Paperchase opts for CVA to avoid folding up

Stationery specialist Paperchase is the latest high street retailer to announce financial difficulties, bringing in KPMG to assist with a proposed company voluntary arrangement (CVA) which would include rent reductions at many of its stores and the possible closure of some outlets

The company, which was founded more than 50 years ago by two art students, was bought by private equity firm Primary Capital in 2010 for £20.4m. It operates 145 stores across the UK and employs 1,750 people. The business made a £6.3m pre-tax loss last year, having posted a £613,000 profit in 2017.

The CVA proposal divides the company’s sites into six categories. Under the plans, 45 category 1 sites will largely remain unchanged, whilst turnover rents are being proposed at 70 sites within category 2, 3 and 4, with a varying guaranteed minimum base rents, ranging from 35% to 80%.

A total of 28 category 5 and 6 sites will experience a 50% rent reduction for three months, following which there will be either a rent-free period or a closure and exit.

Three stores, located in Jersey, Guernsey and Covent Garden in London are not included in the proposal.

The proposed supervisors of the CVA are Will Wright and David Costley-Wood from KPMG’s restructuring practice.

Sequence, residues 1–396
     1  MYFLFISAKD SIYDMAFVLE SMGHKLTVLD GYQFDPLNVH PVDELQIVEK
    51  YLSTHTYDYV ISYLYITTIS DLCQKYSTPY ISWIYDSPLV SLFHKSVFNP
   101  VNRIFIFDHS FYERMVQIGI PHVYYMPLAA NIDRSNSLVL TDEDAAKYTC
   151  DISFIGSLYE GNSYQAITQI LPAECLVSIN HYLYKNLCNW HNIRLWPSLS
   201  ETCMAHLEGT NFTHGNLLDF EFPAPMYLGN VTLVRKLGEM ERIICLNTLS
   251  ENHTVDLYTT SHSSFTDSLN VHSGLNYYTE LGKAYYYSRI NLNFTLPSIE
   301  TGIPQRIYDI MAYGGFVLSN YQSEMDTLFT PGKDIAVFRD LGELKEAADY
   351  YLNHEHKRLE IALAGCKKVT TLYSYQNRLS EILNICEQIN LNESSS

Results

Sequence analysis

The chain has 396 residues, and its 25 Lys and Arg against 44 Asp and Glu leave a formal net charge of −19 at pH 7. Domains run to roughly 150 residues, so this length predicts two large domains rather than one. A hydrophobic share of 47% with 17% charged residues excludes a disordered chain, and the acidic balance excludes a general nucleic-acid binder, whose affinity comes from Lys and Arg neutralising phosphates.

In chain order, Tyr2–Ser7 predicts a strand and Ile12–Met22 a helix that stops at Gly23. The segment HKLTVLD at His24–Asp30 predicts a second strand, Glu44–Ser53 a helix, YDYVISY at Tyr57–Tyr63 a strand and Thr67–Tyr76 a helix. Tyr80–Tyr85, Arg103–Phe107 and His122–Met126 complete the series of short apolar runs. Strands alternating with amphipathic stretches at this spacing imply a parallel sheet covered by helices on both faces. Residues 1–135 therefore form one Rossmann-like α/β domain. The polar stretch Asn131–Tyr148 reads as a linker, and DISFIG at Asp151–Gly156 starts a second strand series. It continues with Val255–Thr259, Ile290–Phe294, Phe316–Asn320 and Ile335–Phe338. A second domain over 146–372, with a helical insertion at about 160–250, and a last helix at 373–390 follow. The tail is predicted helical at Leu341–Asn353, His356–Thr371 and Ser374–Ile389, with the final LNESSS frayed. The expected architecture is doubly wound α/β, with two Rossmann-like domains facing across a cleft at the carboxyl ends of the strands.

Will Wright, restructuring partner at KPMG, said: ‘Over the last fifty years, Paperchase has grown to become one of the UK’s most well-known and innovative design-led stationery retailers.

‘However, like many other businesses in the retail sector, the company has been adversely affected by a cocktail of well-documented issues, including a reduction in footfall, increased rents and business rates, and margin pressure from sterling depreciation.’

The decision to look for a CVA follows a detailed strategic review of the business undertaken by the company’s directors, during which a series of consultations with key stakeholders took place at which soundings were taken on whether they would be supportive in principle of the company proposing a CVA.

Wright said: ‘We believe that what has been put forward today reflects the feedback received during this process, and specifically, gives the company the ability to rationalise its store portfolio by exiting stores that are unprofitable, secure rent reductions where stores are over-rented and implement turnover rents to reflect the highly seasonal nature of the business.

‘As part of the review, the directors have also been successful in negotiating a financial restructuring with the company’s lenders, which will enable new investment to come into the business. Such additional investment and the completion of the wider restructuring is however conditional on the approval of the CVA proposal and successfully concluding the subsequent challenge period.’

Paperchase needs to secure at least 75% creditor approval for the CVA for it to proceed. The creditors will vote on the CVA on 22 March. 

Report by Pat Sweet

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